Former longtime scout says Martz-Cutler pairing a recipe for disaster
Coach Lovie Smith insists the offensive line will block better and adjustments will be made to prevent defenders from racing untouched into the backfield.
The team's embarrassing third-down conversion rate, the league's worst, is something he's convinced will improve with more time spent on the practice field.
Dave Razzano isn't so sure. The former Rams, 49ers and Cardinals scout has worked with Bears offensive coordinator Mike Martz before -- won a Super Bowl with him in St. Louis, in fact -- and doesn't see Martz's tenure in Chicago ending well for him or for franchise quarterback Jay Cutler.
''The problem is, with Mike, you need a really good offensive line, and they have a really bad offensive line,'' said Razzano, now an analyst for PlaymakerMobile.com. ''When I saw that Mike had taken the job there, I looked at their offensive line and said this could be a disaster. Mike just exacerbates it. I'd be shocked if Cutler lasted the entire season.''
The Bears allowed six sacks Sunday, putting them on pace to surrender 72 this season. That would shatter the franchise record of 66 allowed in 2004. Smith said he planned to stick with the same offensive line that started the 23-20 loss Sunday to the Seahawks at Soldier Field in hopes that it can build cohesiveness.
Razzano doesn't believe cohesiveness is as big an issue as talent -- or lack of it.
''With that offensive line and with Mike Martz coming in, they don't have a chance,'' said Razzano, who spent 22 years in the NFL. ''I'm shocked they don't have more talent than that. They have drafted poorly. That's Jerry Angelo. I like Jerry, but I have to call it like I see it. It all starts with personnel. You have to have the horses. They don't have the horses up front.''
Razzano also sees the potential for conflict, especially after a game such as the one Sunday, in which running backs Matt Forte and Chester Taylor combined for 12 carries and Cutler threw 39 passes.
Offensive line coach Mike Tice hasn't tried to conceal his desire to run the ball more to build the confidence of his young offensive line. Martz, meanwhile, is well-known for his pass-happy style and has a reputation for being stubborn. Put it all together, and Razzano wouldn't be surprised if Tice and Martz clashed before the season is done.
''[Martz] is a smart guy, but he's very inflexible and does it his way,'' Razzano said. ''If you question him, he'll jump you. He's stubborn. That's just how he is.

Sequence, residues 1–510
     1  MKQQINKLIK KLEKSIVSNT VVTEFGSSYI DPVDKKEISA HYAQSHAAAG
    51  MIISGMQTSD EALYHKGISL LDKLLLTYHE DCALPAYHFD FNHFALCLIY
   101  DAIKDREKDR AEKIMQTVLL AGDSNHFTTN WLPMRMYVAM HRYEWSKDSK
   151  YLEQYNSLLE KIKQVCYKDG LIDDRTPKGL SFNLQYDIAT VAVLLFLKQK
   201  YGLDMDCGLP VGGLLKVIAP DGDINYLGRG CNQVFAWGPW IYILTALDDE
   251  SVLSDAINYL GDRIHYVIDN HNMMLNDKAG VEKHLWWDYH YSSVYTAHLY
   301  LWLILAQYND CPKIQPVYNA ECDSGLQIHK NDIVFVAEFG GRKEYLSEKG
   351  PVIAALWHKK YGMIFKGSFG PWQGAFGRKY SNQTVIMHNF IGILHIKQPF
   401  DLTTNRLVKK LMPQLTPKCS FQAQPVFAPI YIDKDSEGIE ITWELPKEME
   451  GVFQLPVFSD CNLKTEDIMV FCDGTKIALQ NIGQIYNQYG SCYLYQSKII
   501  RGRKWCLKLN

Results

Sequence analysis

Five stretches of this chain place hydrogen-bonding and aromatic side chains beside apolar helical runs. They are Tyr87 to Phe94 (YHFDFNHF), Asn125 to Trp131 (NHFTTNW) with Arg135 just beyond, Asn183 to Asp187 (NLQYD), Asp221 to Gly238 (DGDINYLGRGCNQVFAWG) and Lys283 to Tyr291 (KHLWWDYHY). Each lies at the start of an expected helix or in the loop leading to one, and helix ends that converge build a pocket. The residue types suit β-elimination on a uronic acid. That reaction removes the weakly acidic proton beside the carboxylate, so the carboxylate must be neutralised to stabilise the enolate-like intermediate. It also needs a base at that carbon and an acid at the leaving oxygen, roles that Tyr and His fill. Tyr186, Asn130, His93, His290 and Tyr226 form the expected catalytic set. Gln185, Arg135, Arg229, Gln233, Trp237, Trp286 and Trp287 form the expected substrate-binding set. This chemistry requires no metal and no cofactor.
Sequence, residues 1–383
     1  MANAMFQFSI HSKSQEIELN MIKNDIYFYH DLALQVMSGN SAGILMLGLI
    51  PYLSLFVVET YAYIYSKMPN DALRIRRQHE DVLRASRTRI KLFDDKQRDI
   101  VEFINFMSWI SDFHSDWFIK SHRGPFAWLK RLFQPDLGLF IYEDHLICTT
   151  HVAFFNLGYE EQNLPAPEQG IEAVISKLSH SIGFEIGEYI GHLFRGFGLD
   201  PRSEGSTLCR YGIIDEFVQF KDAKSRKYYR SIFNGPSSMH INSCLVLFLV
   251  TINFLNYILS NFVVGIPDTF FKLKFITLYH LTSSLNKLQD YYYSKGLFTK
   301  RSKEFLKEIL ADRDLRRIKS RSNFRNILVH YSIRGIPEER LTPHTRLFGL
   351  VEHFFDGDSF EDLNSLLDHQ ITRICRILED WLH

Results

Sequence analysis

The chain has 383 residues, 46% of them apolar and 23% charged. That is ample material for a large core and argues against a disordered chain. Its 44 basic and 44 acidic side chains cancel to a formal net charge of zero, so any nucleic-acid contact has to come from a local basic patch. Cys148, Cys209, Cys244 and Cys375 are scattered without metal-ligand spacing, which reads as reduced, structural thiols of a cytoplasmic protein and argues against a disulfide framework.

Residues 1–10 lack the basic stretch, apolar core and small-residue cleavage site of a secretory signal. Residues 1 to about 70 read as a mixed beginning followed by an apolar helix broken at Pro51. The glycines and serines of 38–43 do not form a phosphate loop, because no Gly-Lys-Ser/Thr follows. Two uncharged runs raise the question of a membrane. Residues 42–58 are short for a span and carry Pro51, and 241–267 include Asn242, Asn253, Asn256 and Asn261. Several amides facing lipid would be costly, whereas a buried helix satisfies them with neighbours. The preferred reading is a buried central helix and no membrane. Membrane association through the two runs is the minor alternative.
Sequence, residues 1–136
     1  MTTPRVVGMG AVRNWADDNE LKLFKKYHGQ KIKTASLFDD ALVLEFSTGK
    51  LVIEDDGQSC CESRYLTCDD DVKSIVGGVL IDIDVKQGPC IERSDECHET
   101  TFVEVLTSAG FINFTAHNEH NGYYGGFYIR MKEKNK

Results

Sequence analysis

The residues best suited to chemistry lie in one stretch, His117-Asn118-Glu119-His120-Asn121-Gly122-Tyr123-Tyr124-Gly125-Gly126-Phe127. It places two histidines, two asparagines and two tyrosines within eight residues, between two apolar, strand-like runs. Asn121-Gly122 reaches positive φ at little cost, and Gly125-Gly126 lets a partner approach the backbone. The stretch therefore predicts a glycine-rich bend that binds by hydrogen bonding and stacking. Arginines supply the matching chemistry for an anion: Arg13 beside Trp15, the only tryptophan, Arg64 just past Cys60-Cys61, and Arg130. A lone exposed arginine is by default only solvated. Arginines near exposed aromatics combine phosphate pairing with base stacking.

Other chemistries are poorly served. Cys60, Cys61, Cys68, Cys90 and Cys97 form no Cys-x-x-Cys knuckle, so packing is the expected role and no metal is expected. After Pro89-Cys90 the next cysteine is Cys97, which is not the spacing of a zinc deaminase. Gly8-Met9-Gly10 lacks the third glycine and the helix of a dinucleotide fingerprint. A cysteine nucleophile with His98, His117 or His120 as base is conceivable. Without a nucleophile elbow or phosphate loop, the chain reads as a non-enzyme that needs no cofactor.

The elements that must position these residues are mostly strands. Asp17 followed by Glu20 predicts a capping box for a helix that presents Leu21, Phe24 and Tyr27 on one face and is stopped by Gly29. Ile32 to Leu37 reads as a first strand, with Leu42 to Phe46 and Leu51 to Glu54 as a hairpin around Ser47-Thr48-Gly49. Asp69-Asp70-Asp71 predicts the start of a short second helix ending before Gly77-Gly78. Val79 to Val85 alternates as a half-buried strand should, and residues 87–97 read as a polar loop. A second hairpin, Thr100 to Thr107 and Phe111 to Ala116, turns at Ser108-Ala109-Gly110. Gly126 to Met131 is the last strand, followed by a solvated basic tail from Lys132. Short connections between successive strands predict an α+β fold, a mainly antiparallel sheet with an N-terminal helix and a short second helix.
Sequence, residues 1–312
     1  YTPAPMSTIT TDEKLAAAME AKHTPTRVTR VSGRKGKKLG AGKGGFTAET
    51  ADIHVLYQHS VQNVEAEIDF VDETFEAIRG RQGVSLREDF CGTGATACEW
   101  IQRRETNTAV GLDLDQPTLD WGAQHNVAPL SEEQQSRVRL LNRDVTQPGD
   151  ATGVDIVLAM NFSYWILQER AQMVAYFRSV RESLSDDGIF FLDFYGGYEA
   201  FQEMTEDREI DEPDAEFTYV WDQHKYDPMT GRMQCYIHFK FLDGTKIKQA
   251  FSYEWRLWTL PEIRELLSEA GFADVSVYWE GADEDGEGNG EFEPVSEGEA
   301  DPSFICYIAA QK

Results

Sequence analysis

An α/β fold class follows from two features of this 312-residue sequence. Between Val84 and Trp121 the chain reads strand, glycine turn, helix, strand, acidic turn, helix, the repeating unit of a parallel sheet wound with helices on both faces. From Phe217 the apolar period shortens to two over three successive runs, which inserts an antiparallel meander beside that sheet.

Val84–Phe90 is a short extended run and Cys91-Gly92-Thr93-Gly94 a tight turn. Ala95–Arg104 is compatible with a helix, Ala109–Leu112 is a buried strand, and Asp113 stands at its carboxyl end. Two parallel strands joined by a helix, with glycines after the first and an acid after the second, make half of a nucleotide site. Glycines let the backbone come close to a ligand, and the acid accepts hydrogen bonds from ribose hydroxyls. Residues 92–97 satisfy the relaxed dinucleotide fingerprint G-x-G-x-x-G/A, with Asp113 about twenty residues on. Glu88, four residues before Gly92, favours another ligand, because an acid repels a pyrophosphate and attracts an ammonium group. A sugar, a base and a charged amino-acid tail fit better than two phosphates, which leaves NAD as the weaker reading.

''There's good qualities about him, too. If it's late in the game and you need a touchdown to win, he's the guy you want calling plays, but his inflexibility can cause problems. He doesn't care what anybody thinks. He's not going to change a thing. He's going to live and die throwing the ball down the field. He's not an easy guy to work with. That's just his history, especially with offensive line coaches. I'm sure behind those walls it's not pretty, especially when the quarterback is getting beat up.
''I can't imagine Tice and Martz behind closed doors. I can see that thing coming to a head.''
Razzano said hiring Martz is just another sign of how desperate Angelo and Smith have become. Because his offense relies on the quarterback getting rid of the ball quickly, Martz is probably not the best fit for Cutler. With such a strong arm, Cutler always has been able to wait for receivers to come open rather than anticipate when they'll come open.
Cutler is a streaky quarterback playing in a high-risk, high-reward offense, and that could contribute to the inconsistency we've seen through six games.
''You have to have the right people, and you have to have a QB who gets it out of his hands and a solid offensive line,'' Razzano said. ''It's as much players as anything. You have to have the players, and we had a lot of them in St. Louis.''
Razzano said that when Martz's offense is ''on,'' it's a sight to behold. When it's not, it's wretched. That shouldn't surprise Bears fans, who have seen it at its worst and brief flashes of what it could be when everything comes together.
Razzano isn't saying it won't happen, but he's not sure the shotgun marriage between Martz and Cutler will end up benefitting the Bears or Cutler.
''He's the kind of guy that will say, 'Hey, fire me,''' Razzano said. ''He doesn't need the money. He doesn't care. I'm sure Jerry is pulling his hair out. It might get worse before it gets better up there.''
Bears Hall of Famer Dick Butkus had some pointed remarks Monday about his former team's struggles on offense.
"(The offensive line) is awful," said Butkus, in town to promote his "I Play Clean" foundation to educate athletes about steroid abuse. "The Skins and whoever else they play have to be looking at tapes today and licking their chops. The Bears have their hands full.
"It would be different if it was just the left tackle blowing a block every other time. But this is the left guard, then the right tackle ... They're taking turns and it is not good." Regarding coach Lovie Smith and new coordinators Mike Martz and Rod Marinelli, Butkus said, "Was Lovie forced to hire these guys? Is he a lame-duck head coach? I just don't know. It can only get worse.
"If I was playing defense against the Bears, I would blitz them every play. I'm not sure that they will be able to run the ball any better than they are with that line. Everyone thinks blitzes are great to stop the pass, but they are excellent against the run also."
While agree in prinicple with butkus.. as someone that was teams that never even won 4 games in a whole season- you would think he would have some sympathy for bad play and talk about how to fix it..